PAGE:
Gardening and Landscaping

DIY Concrete Fire Pit

Outdoor fires may be used for warmth, cooking, roasting marshmallows and general fun when you have friends and family visiting. Installing a concrete fire pit provides convenience and safety and might be required by local ordinances regarding open fires. The pit will keep discharges from tilting, create a barrier between you and the fire and function as an accent into your home and property.

Contact the local utility provider or dial 811 to reach the state one-call utility survey service to schedule the marking of any plumbing or utility lines in your property.

Mark the outer border of your fire hole by putting a wooden kind designed for molding concrete in the region where you intend to install the pit and spraying around it with spray paint.

Dig out the fire pit, which makes the hole a minimum of 8 inches deep and 2 to 3 inches bigger in diameter than the area marked. Make the hole deep enough that if your concrete forms are placed in it they’re even with the level of the surrounding ground.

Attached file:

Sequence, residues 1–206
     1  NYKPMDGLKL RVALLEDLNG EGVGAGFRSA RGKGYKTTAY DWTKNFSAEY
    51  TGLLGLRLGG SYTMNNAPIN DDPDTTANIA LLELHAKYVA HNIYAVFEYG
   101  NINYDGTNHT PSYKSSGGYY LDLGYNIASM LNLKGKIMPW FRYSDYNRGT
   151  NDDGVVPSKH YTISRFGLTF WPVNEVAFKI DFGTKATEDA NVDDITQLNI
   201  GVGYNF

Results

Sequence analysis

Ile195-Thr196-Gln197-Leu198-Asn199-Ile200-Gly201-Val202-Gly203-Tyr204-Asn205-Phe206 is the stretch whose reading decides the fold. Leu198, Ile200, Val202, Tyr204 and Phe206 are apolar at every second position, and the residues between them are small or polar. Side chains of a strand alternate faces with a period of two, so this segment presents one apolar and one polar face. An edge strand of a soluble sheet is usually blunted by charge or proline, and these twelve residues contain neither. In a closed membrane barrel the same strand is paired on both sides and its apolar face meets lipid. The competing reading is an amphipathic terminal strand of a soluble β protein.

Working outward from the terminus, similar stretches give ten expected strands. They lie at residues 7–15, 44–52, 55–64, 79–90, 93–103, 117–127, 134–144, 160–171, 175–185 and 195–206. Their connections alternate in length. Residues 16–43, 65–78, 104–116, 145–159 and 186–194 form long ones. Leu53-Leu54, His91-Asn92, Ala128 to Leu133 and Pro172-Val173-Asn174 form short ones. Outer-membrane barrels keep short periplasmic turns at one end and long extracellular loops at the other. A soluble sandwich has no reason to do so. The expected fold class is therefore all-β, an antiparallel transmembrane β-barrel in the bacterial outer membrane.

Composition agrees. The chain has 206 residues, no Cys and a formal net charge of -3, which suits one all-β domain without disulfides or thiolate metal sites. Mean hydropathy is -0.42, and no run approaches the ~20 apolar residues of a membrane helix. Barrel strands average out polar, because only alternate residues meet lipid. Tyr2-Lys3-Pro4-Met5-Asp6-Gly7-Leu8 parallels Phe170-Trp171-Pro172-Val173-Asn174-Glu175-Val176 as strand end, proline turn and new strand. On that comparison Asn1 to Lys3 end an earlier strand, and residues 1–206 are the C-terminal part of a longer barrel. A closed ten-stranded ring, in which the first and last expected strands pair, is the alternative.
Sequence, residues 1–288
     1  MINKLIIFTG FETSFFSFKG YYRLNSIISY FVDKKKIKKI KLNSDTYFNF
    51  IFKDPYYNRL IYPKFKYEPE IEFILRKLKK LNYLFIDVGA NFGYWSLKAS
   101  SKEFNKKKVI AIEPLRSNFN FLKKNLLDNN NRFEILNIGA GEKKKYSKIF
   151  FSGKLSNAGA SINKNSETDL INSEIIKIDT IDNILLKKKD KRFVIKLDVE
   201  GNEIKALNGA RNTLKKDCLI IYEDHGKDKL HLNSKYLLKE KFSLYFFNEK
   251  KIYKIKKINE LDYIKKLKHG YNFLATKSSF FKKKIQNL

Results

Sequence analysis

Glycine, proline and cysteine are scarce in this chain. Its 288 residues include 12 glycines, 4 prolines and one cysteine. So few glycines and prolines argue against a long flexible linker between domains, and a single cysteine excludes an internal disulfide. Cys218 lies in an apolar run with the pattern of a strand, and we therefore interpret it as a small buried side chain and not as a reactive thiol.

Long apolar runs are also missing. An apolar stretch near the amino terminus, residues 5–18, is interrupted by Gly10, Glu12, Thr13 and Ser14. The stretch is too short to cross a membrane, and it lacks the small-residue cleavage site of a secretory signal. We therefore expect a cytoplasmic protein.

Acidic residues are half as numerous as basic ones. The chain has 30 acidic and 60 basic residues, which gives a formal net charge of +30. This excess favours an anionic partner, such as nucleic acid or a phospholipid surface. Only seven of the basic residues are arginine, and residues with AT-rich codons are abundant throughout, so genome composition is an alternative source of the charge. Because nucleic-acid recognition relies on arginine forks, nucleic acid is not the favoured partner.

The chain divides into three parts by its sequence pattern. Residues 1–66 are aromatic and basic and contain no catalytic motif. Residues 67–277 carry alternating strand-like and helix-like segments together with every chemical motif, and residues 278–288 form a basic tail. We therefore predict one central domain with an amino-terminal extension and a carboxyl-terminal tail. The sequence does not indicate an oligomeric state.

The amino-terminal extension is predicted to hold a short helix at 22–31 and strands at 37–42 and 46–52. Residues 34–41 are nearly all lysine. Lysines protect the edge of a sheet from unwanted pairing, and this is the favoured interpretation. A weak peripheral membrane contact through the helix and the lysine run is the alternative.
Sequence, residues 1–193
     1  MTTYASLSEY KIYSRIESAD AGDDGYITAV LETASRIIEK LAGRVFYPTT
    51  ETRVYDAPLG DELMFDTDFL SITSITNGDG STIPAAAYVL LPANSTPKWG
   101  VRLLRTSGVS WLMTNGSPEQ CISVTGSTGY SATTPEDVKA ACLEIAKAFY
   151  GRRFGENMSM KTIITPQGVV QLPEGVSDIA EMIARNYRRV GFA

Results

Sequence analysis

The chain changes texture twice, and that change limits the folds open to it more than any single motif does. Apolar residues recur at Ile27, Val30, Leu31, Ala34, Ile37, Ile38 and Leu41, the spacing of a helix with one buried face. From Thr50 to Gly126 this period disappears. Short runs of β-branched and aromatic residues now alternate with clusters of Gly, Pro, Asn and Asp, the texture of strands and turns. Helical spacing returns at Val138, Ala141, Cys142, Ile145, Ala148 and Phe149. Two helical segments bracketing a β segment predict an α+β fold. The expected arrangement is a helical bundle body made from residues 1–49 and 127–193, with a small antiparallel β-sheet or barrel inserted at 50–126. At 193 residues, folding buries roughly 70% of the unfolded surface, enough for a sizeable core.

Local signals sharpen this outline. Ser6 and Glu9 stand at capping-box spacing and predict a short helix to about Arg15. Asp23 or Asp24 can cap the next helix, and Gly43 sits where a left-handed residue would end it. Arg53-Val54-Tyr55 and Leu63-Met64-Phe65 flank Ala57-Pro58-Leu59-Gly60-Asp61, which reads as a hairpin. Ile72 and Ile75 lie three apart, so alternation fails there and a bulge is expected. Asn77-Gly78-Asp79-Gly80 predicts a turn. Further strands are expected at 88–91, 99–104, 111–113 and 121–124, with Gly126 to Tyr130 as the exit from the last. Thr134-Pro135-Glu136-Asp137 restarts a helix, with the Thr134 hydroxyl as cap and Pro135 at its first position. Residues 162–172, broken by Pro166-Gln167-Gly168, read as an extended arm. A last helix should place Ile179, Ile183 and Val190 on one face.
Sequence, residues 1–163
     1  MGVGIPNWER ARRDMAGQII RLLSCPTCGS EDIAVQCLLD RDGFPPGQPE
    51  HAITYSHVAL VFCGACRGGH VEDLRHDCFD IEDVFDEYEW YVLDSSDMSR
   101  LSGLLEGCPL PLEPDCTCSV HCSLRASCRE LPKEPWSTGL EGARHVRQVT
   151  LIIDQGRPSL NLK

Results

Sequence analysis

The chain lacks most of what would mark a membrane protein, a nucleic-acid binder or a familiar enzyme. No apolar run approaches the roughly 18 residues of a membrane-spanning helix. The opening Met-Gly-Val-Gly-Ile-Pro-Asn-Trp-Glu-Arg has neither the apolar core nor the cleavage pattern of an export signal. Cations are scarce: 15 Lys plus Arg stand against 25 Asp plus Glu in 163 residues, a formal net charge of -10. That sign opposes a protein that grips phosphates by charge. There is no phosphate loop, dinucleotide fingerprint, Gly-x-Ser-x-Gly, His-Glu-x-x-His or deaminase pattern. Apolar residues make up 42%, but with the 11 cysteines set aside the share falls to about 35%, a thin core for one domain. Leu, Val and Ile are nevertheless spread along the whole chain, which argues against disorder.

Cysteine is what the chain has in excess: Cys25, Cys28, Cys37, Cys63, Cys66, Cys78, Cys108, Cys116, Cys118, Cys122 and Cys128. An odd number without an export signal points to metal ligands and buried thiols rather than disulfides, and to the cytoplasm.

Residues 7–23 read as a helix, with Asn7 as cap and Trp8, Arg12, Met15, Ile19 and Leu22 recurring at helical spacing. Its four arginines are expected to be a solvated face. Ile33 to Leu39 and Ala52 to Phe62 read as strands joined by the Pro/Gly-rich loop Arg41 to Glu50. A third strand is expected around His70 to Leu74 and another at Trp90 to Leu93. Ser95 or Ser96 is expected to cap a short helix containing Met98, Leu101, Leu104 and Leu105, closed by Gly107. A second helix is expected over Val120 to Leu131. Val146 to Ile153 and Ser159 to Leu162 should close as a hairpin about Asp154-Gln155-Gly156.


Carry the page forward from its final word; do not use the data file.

Set the concrete kind you used for quantifying to the hole and fasten it with wooden stakes, then place a more compact form inside of it to ensure at least 3 to 4 inches of distance is between them to hold concrete. Make the forms level, lifting portions marginally and attaching them into your stakes having a screw to if needed.

Mix and pour the concrete to your fire pit wall, filling the region between the forms about half full. Lay a rebar ring on top of the concrete to add strength to the wall, then fill the forms the remainder of the manner and smooth the concrete.

Enable the concrete to set overnight and remove the forms. Partially fill in the soil around the fire pit, leaving a 2- to 3-inch deep depression around the wall.

Construct an above-ground lip around the hole to include the fire and reduce risks presented by the open pit. Use extra concrete, big heat-resistant stones, firebrick or similar materials and fasten them with heat-resistant masonry. Fill in the rest of the soil around the pit once you finish the lip.

Pour 3 to 4 inches of gravel to the bottom of the fire pit to permit water and rain to drain easily.

Enable the masonry and concrete to set for at least one week prior to starting a fire in the hole; failure to do this may lead to cracks.

See related